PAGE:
Massage and the Pregnant Client with an Autoimmune Disease
Pregnancy puts an unusual demand on a woman’s ability to adapt to changing environments. Autoimmune diseases, some of which may be more active during this time, place additional stresses on the system. To make things even more challenging, the stress of knowing she is having a high-risk pregnancy can also increase a woman’s risk of miscarriage.
Bodywork or massage in these contexts can be a wonderful gift, but the goals of the bodyworker must be realigned away from challenging homeostatic processes to simply supporting them. This can involve adjustments in the frequency or duration of sessions, the positioning of the woman (side-lying is generally considered to be the safest option), and certainly in the depth and intrusiveness of the modalities used. Abdominal work that might be safe for a woman with an uncomplicated pregnancy may be threatening for a woman with a more precarious situation, and outside of gentle stroking it should be avoided.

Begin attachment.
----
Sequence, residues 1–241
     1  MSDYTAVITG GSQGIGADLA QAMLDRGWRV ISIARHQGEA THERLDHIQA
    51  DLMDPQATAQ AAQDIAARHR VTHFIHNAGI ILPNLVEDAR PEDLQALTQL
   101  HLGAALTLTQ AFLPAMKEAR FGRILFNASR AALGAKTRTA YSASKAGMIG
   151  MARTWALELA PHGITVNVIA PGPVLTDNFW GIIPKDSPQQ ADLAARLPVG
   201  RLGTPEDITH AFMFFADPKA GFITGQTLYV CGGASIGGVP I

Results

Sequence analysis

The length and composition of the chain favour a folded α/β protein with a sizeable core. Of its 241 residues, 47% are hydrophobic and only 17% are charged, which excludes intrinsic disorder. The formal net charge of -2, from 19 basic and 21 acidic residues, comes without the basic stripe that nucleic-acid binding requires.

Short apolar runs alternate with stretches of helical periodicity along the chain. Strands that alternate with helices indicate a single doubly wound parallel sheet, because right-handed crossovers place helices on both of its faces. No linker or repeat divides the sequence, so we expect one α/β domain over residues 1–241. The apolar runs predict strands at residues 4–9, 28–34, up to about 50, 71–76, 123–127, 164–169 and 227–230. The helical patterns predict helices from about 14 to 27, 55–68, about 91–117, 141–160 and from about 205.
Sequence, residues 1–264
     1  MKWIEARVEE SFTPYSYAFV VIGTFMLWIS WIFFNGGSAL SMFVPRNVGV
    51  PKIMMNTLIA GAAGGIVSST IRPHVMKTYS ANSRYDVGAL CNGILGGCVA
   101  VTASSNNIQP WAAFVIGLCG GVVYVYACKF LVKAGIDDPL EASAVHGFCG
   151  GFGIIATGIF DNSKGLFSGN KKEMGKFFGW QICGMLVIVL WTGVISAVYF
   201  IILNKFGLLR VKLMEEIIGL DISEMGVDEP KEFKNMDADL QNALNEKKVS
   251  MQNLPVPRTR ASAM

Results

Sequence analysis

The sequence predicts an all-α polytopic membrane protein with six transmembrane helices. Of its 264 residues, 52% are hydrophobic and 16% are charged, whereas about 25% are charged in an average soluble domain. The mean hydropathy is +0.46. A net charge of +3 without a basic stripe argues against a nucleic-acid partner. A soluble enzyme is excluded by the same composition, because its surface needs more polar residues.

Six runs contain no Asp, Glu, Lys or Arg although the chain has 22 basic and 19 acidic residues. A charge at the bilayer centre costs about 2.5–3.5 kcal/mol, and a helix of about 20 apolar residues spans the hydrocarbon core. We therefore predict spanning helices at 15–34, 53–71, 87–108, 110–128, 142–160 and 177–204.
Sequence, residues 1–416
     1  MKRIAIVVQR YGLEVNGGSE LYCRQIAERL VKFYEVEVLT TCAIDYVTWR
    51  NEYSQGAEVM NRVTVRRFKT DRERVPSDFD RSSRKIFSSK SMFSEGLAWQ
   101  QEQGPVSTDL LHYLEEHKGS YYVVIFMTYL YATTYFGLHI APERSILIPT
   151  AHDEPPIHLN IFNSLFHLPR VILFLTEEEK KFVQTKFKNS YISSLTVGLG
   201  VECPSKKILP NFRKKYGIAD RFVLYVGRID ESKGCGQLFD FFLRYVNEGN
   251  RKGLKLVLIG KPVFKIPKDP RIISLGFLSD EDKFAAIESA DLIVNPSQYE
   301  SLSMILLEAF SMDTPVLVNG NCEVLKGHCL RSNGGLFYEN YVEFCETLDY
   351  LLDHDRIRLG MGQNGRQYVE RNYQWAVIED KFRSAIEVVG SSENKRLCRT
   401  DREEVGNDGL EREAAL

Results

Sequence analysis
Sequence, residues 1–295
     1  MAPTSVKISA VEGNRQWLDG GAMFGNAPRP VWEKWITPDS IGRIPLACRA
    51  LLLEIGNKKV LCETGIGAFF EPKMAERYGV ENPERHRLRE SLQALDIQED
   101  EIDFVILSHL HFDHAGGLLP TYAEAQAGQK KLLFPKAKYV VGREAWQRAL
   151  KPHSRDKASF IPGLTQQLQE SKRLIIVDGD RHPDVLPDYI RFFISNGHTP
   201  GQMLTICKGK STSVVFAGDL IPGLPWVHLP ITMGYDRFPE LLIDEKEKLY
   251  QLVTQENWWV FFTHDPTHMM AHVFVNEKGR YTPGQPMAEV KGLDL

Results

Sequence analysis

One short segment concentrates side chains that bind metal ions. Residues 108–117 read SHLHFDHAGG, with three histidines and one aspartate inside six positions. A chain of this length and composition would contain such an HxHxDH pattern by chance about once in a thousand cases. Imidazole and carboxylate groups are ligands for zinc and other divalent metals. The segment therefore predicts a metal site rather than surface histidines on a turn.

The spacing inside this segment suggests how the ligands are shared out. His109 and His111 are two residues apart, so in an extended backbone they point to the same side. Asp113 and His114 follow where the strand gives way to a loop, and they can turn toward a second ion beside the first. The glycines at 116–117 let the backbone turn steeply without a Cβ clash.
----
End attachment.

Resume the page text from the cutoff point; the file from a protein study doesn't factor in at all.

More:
Massage therapists working with this population should be in communication with the rest of the client’s healthcare team, specifically to gather information about circulatory health, the risk of blood clots, and any changes in sensation or other function that may influence choices about the best modalities. In this way the worst risks of prenatal massage can be avoided, while the best benefits (reduced stress, reduced stress-related hormones, improved sleep, less pain and fatigue, the list goes on and on …) can be enjoyed by mother and baby alike.
Ruth Werner is a writer and educator for massage therapists. She teaches several courses at the Myotherapy College of Utah and is approved by the NCTMB as a provider of continuing education. She wrote A Massage Therapist’s Guide to Pathology (Lippincott, Williams & Wilkins, 2005), now in its third edition, which is used in massage schools worldwide. Werner is available at www.ruthwerner.com or email@example.com.